Fact: people in Barbados enjoy long lives. UNICEF thinks Bajans should count on living an average of 77 years. Bajans think this is linked to the popular daily habit of going for a pre-breakfast dip in the sea. My semi-retired parents have turned this early morning ritual into an art form. The old market basket Mom has kept for too long, yes, the same one she almost shamed us by taking to Kensington Oval, is packed daily with bananas and freshly brewed Blue Mountain coffee. By 6:30am they have already made the ten-minute walk to the beach and are in the salt water bobbing up and down while sipping coffee and chatting to the other early bathers. So well known are they now that one man passed her basket on the sand and remarked to his companion
“Dat de Trini lady basket. She gine be in de water ever since.”

Their ritual, minus the basket, is one relished by a good portion of BARP (Barbados Association of Retired Persons) members. The old timers swear by the magical properties of a “sea bath” which, coupled with a healthy dose of Church attendance, should see you to a century. There is the added attraction that when you reach these dizzy heights in Bim it is done in style. We don’t settle for some generic greeting from HRH. Here we do things proper. You get nothing less than a visit from the Governor General and his good lady wife. The press are invariably on hand to photograph the event and next day your picture is in The Nation or The Advocate accompanied by an interview where you reveal your secret recipe for long life. I’m with the gentleman who swore that it was his daily two units of alcohol that took him to three figures. My parents may be in secret agreement with this gentleman. Why else are they so reluctant to share that flask of “coffee”?

Whatever the secret to long life, if you are living longer, and in a long-term relationship, “till death do us part” means, eh, perhaps a bit longer than you might have bargained for. So how do you keep the music playing? Is it love, obedience, respect, passion? I think it’s selective hearing and I’ve been practicing.
“Where’s my wallet?” asks The Husband every, single, freaking, time he is about charge out the house.
For the past two decades I have responded by hunting for the elusive wallet that is not mine and which I have not touched. But times have changed.
“Where’s my wallet?” now elicits a response like,
“Yes, I would love another cup of tea dear.”
“Not tea! I need my wallet now.” his voice rising.
“Of course I don’t mind if you take the kids for a long bike ride this afternoon.” I reply breezily.
Just a few days of these senile moments and he no longer wants to play hunt-the-wallet with me.

Of course instead of being petty and pre-maturely senile I should be worshipping the man. So I have decided to heed his pleas. While I cannot agree to his exclusion from this blog I will honour his request for a more dignified role commensurate with his professional standing. It's nice to have a challenge. He could become He Who Must Not Be Mentioned. That has a nice ring but may be too close to a certain dark lord from the Harry Potter series. Maybe The Husband could become The Children’s Father or as we like to say on this small rock, De Man Who Tink He De Chilren Fadder. But after several sleepless nights I think I have found a title that suits his requirements and my blog….. drum roll please… all hail L’Éminence Grise.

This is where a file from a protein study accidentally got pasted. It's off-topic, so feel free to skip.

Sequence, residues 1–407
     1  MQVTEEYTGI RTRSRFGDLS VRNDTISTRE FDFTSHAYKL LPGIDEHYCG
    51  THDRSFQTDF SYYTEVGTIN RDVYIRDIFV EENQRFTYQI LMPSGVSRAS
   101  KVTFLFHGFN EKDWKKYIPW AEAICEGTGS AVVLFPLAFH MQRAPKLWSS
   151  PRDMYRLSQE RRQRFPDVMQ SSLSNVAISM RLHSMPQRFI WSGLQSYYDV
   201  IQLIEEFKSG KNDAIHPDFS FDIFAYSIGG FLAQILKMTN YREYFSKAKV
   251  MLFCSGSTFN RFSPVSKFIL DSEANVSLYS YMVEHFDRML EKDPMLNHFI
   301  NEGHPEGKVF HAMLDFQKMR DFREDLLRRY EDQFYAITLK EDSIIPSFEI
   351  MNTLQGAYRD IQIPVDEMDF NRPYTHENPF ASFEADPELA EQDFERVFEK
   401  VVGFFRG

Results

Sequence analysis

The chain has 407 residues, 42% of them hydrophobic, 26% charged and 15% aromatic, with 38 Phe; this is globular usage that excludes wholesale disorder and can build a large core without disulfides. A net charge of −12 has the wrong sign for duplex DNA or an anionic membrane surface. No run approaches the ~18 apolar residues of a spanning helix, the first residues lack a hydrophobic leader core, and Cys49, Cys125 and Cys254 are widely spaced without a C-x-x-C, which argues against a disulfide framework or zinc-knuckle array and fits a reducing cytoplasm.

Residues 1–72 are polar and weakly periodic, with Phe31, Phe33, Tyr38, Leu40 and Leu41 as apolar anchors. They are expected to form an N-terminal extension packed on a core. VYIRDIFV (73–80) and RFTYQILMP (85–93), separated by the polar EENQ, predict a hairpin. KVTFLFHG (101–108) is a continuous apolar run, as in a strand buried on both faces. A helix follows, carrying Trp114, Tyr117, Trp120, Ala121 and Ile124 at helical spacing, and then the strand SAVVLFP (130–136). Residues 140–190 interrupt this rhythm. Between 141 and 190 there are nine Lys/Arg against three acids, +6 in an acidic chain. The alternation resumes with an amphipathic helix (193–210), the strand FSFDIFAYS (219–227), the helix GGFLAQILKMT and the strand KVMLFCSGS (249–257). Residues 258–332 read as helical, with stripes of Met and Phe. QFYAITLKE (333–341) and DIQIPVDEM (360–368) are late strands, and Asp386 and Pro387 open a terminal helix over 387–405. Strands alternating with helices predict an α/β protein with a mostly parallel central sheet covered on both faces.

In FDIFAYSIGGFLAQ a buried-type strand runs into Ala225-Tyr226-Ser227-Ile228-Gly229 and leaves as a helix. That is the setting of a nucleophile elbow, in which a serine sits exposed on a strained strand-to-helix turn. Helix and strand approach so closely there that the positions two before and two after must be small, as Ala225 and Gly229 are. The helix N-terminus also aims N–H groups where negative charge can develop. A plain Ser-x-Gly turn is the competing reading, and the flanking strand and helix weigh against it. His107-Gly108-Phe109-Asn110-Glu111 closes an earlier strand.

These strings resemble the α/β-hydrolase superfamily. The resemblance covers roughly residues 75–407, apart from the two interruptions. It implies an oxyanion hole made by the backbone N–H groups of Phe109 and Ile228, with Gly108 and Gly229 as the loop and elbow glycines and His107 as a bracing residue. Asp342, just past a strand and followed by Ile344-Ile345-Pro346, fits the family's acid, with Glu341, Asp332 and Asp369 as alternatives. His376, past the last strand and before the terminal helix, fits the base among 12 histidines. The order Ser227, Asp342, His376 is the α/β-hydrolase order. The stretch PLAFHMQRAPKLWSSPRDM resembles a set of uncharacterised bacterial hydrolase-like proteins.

Now you are probably thinking that I have stooped to a new low and that it is reasonable for this man to engage the services of some Rottweiler divorce lawyer who will lend a sympathetic ear to his sobs of “mad woman” and “irreconcilable differences”. But stay with me - there is fuzzy logic to my madness. You see the island is very, very small and he is a bit of a top dog in his field (something to do with regulation, finance, blah, blah, boring, boring). The demand for his wisdom is so great internationally that recently he wrote both the speech for one person and the rebuttal for his opponent in a debate on regulation. And then he flies off to privately advise the top grizzly bear in the great north ahead of an international summit.

But the pudding in the souse that secured his new name was a phone call he got last week. His Grey Eminence (or Eminen to his friends), answered the phone to a lady who said something like, Hola, hablo español? to which came the reply,
“Terribly sorry but I don’t speak the lingo.”
“Ay caramba! Hombre! One moment… de madre… You hold there.”
I gestured violently and mouthed to him,
“Don’t believe anything about winning a lottery.”
“She didn’t sound Nigerian.”
“Yeah well Nigerians don’t have a monopoly on the scam. It could have moved to Equatorial Guinea. They speak Spanish.”
“Okay. Shhhhh.”
“And remember not to give out your bank details whatever she says.”
“I’m not an idiot.”
“So you keep saying.”

At this point a man comes on the phone and, in heavily accented English, identifies himself as the Under-Secretary General of the UN and asks if The Husband would agree to be on the Commission of Experts on Reforms of the International Monetary and Financial System under the chair of NL, Joe Stiglitz. Well he never asked for bank details so I gestured a thumbs up to get rid of the daft señor. But this week I saw something official from the UN roll off the printer. Yup, that call was genuine – they’ve found L’Éminence Grise. As Eminin would say, let the bodies hit the floor…

1 comment:

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